Private hospital chain Max Healthcare Institute on November 7 said that given the seasonal nature of the business, it expects to outperform in the second half of the fiscal year compared to the first half in which it recorded a revenue of ₹3,361 crore.
In a post-earnings chat with CNBC-TV18, Chairman and Managing Director Abhay Soi spoke about the increase in demand for robotic surgeries. He said this year, the hospital chain did twice the number of robotic surgeries compared to the previous year.
“We have about 20 robots across the country, across most of our healthcare systems. And, the demand for that is increasingly moving up. Usually, it costs about ₹60,000 to ₹70,000 more for that sort of surgery but that is the low end. It will go up to ₹150,000 more as far as robotics is concerned.”
What is robotic surgery?
Robot-assisted surgery, or robotic surgery integrates advanced computer technology with a surgeon’s hands-on experience to assist in performing complex procedures. The robots replicate a surgeon’s hand movements to operate, thus, minimising risks due to unexpected hand tremors or jerks.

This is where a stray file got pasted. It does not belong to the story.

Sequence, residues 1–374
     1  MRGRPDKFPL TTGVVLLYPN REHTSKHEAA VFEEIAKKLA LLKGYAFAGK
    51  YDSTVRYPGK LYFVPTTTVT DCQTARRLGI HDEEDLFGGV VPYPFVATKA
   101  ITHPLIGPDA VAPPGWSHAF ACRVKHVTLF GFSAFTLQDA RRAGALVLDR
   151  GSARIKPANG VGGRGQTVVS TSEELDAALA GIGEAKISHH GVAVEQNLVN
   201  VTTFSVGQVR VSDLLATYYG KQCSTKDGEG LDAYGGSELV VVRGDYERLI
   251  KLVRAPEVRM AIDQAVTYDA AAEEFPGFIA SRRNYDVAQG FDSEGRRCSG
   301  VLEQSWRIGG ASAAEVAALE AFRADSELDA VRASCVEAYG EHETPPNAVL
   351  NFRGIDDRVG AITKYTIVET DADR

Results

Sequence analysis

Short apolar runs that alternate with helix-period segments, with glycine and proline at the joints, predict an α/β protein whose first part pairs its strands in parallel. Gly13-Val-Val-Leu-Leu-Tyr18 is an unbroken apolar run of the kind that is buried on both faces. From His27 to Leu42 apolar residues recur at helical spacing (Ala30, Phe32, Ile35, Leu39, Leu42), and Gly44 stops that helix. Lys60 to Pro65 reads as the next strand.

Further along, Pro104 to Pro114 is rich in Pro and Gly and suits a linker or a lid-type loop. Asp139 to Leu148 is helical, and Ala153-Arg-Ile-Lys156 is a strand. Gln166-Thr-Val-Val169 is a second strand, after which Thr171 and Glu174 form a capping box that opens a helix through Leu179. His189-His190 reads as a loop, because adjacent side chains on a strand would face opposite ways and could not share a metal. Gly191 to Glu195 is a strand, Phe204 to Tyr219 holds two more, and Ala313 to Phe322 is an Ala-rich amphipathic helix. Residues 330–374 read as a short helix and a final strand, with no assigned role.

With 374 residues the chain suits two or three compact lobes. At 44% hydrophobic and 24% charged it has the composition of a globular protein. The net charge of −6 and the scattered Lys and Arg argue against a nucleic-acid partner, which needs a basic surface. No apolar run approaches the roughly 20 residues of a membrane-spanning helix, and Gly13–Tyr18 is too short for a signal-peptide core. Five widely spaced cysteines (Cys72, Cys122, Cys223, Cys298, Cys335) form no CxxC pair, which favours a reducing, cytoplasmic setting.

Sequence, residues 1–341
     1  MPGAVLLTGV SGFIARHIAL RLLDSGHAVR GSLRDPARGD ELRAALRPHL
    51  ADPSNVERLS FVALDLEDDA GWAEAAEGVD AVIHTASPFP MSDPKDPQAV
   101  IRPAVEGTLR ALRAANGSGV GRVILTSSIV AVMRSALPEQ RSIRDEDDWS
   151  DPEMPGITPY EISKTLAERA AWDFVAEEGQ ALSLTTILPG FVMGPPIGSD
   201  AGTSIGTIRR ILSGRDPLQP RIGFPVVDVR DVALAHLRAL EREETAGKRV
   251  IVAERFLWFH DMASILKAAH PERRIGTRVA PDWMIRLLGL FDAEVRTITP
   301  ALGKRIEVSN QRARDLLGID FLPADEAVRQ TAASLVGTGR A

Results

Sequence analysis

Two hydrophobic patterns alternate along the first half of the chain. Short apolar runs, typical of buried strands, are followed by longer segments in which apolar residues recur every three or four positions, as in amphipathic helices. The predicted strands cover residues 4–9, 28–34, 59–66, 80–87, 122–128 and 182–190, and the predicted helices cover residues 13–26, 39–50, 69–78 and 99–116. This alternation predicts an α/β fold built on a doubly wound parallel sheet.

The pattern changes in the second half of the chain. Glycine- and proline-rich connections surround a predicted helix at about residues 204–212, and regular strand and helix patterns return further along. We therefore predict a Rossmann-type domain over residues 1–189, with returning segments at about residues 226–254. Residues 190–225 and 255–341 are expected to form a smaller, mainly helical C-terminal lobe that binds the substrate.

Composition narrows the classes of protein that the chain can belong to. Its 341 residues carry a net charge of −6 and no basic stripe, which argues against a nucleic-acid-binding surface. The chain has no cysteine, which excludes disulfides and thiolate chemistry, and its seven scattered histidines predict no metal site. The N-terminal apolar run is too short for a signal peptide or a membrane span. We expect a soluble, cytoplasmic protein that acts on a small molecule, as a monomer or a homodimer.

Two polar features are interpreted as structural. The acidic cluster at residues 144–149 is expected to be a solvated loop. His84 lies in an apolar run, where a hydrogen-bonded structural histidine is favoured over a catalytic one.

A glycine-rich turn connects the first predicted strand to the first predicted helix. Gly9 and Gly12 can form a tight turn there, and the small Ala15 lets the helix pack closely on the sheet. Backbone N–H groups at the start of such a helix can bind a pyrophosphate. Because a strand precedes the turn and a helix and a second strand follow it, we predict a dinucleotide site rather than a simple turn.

Robotic surgery leads to less tissue damage, minimal blood loss, faster recovery, micro-precision, greater flexibility while performing surgery, reduced risk of infection and less pain, according to Max Healthcare.
How the September quarter panned out for Max
The Delhi-based hospital chain’s revenue for the quarter was up 17% over last year, at ₹1,732 crore. The increase in revenue was attributed to an increase in the average revenue per occupied bed (ARPOBs), improved occupancy and better patient mix.
EBITDA (earnings before interest, tax, depreciation and amortisation) margin expanded to 28.7% from 27.7 % in the year-ago period.
Max Healthcare CMD’s remark came as
The hospital operator’s occupancy — the number of beds effectively occupied — stood at 77% in the second quarter of the fiscal while occupied bed days (OBD) i.e. the number of occupied beds for each day of the period grew by over 3% on year.
The average revenue per occupied bed (ARPOB) also improved to ₹74,600 in the second quarter as against ₹66,000 last year. The spike in ARPOBs further aided the improvement in operating metrics. However, on a sequential basis, ARPOB declined by ₹200. The firm expects to see an average revenue per occupied bed at ₹73,000 for FY24.
The company’s shares ended the day a little over a percent lower at ₹591 apiece. CNBCTV18